How to make people think you’re Russian in Varkala

Shops on the north cliffs, Varkala

Shops on the north cliffs, Varkala

Arrive in the afternoon at your hotel, only to find that you and your (female) roomie have been put in a room with a couple-y sort of bed, when the two of you aren’t actually couple-y at all.

Explain to the somewhat embarrassed hotel staff that you and your roomie are NOT in fact, a “couple”.

Discover that in order to change to a room with two single beds, you’ll experience a little unpleasantness with the people who previously occupied that room, who were not very gallant or generous when asked to move so you and your roomie didn’t have to worry about accidental spooning.

Insist to roomie that in order to clear our otherwise delightful hotel room of any bad energy from the ungracious previous occupants, we very much need some incense.

Consequently take a late night jaunt to the clifftops in the near pitch-blackness.

Take the long-way ’round coz you haven’t yet learned the back alley shortcut.

Find yourself draped in this tout or that tout attempting to draw you into their please-come-buy-from-my-shop-we-give-you-best-price game.

Somehow agree to give the postcards you’ve painfully hand written to family and friends – on the Varanasi to Calcutta train – to a young Kashmiri man who promised, hand on heart and with his beautiful eyes, to post them the next day (he apparently did BUT they took almost a month to get to their destinations).

Wander from one brightly lit shop to the next, looking for someone to sell you some incense.

Eventually find incense, incense holder (which is really an ornate salt/pepper shaker) and matches.

My incense holder/pepper shaker

My incense holder/pepper shaker

Wander round some more with your roomie (who is Swedish and prone to flirting quite a lot more than you are).

Turn left at what you later discover is known as the Tibetan market.

Chat to a young boy sitting on a musical instrument store stoop (EVERY SECOND PERSON in Varkala will try to sell you a drum!).

Discover young boy knows how to play some pretty awesome rhythms.

Standing there in the dusty alleyway with minimal low lighting from various shops, find one’s previous incarnation as a belly-dancer rising up, and unwittingly respond to the drumming. Slave-to-the-rhythm-like.

Find yourself dancing more and more and more, as the young drummer realises you can in fact, dance.

He plays more intricate beats now; stopping isn’t an option.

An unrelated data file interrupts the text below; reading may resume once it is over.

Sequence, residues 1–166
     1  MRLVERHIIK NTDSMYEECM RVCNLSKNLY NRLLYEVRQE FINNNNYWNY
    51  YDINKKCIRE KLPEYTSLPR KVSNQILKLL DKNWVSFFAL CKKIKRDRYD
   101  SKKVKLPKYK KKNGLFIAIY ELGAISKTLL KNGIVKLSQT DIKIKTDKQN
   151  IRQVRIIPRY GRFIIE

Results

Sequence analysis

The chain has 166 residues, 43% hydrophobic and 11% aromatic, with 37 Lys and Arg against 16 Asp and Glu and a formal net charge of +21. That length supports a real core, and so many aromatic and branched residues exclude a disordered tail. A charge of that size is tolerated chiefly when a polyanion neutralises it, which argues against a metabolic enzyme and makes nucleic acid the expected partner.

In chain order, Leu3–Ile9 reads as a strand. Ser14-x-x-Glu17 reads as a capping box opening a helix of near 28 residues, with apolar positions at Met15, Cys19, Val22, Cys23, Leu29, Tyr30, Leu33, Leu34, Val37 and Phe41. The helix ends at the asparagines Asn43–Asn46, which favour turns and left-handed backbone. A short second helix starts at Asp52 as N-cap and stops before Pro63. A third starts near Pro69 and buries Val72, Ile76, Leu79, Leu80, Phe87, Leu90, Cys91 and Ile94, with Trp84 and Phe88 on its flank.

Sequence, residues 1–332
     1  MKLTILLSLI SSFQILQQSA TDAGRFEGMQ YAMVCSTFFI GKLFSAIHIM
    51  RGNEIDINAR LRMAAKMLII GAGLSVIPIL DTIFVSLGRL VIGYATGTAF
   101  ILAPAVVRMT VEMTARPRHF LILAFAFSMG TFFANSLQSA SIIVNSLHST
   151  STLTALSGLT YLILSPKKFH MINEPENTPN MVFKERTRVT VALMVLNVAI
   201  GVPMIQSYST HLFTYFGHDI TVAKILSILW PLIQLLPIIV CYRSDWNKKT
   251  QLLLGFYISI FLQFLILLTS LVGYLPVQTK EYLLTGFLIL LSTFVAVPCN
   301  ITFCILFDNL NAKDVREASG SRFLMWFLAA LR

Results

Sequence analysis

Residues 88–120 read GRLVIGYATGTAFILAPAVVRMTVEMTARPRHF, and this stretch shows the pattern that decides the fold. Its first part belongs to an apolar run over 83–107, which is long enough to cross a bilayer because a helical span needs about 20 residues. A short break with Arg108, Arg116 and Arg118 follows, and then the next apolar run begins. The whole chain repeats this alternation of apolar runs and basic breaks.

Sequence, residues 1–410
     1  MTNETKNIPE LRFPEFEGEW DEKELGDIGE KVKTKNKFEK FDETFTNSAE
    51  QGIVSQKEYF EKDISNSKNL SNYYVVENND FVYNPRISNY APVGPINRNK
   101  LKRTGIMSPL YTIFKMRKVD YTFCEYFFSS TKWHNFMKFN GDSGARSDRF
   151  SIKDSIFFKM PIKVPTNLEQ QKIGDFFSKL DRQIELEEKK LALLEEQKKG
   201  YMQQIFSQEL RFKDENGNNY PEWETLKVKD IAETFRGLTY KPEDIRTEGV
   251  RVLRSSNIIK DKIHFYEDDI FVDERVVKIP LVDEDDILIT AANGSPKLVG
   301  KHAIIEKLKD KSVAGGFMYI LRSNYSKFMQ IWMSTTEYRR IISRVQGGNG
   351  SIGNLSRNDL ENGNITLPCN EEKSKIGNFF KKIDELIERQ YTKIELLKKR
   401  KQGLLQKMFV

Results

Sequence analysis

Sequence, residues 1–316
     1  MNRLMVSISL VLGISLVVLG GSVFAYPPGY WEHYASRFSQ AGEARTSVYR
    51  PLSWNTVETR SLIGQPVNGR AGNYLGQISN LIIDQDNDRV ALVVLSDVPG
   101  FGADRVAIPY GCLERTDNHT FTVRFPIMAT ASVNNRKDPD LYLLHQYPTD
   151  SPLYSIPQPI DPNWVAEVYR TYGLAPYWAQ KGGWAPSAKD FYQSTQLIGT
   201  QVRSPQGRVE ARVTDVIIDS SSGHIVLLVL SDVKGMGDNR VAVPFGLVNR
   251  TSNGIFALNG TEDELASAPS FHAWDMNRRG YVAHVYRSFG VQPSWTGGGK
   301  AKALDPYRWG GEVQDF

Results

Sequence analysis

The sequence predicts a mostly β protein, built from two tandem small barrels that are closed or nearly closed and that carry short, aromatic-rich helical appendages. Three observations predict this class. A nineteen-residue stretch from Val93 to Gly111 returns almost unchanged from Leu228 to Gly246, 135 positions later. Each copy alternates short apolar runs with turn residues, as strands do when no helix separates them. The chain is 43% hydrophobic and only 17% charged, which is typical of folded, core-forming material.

You suddenly feel ten years younger. Maybe fifteen.

Roomie is encouraging you and even though the alley previously seemed very quiet, a small crowd gathers from all corners of the night.

Another man behind you says to your roomie: She is making me crazy.

Asks if you are Russian*. Roomie says you aren’t but offers him your phone number anyway!

You can’t stop dancing yet. Even though it’s still steamy at 10pm or thereabouts.

More admiring noises, and not just from men. But mostly men.

Roomie is NOT helping matters with her flirting on your behalf.

Eventually the heat, the jet lag and the fact that you haven’t quite danced like this for many years… catches up with you.

You take a bow and are overwhelmed by a small yet devoted audience heaping all kinds of praise on you.

Roomie fortunately does not give your number to anyone (make a note not to give her your mobile number, just in case). You both attempt an escape but get horrendously lost in the oh-so-dark-there’s-no-street-lights-here world.

Finally, you make it back to your room and burn a heck-load of incense. Kingfisher beers on the balcony, ensue.

Mission accomplished! Albeit with a somewhat side alley twist. Okay, several sideways twists and shimmies, and plenty of intricate drumming.

Incredibly, you spend the rest of the week being recognized.

Aren’t you the dancer?

I saw you dancing the other night…

Even though your one-night only performance was done in almost total darkness. In a tiny, dusty alleyway in a southern Indian beach-side town.

Despite all of your assumed anonymity, you find you’ve become a tiny piece of Varkala north cliffs folklore. The woman who dances so freely (where “free” is a synonym for whore).

Errrm, yeah.

You are Cliff-Top Famous, and perceived by most of the locals to be Russian.

Damn those beats.

~ Amanda

* If you’re a female and someone asks if you’re Russian while in India, take the time to be rather insulted. You’re essentially being asked if you are a sex worker, coz many Russian prostitutes come to India. Such Russian women are considered “very free and open”. You can translate that about a hundred different ways. Even though Indians admire this kind of “freedom” they generally suspect you of being a woman with loose morals if you are. Natch.

Categories: India, Varkala | Tags: , , , , , , , , , , , | 4 Comments

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4 thoughts on “How to make people think you’re Russian in Varkala

  1. Linda-Sama

    and damn that North Cliff….😉

  2. Colleen

    Ha-ha-ha! That is hilarious, although maybe not so much at the time of the experience. Thanks for the chuckle. Love the incense burner, very colorful.

  3. LOVE this post!! I can just imagine the dance, and the reaction of the locals! Want to see you do your bellydancing thang one of these days, chicka! xx

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